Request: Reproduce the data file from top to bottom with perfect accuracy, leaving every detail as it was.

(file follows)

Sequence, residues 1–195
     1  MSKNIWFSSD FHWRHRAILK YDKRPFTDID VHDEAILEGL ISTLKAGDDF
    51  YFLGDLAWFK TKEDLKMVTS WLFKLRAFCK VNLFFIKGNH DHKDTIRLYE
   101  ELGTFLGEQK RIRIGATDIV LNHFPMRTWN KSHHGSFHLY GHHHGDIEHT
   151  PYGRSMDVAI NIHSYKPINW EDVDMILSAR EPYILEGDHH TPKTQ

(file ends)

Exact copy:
Sequence, residues 1–195
     1  MSKNIWFSSD FHWRHRAILK YDKRPFTDID VHDEAILEGL ISTLKAGDDF
    51  YFLGDLAWFK TKEDLKMVTS WLFKLRAFCK VNLFFIKGNH DHKDTIRLYE
   101  ELGTFLGEQK RIRIGATDIV LNHFPMRTWN KSHHGSFHLY GHHHGDIEHT
   151  PYGRSMDVAI NIHSYKPINW EDVDMILSAR EPYILEGDHH TPKTQ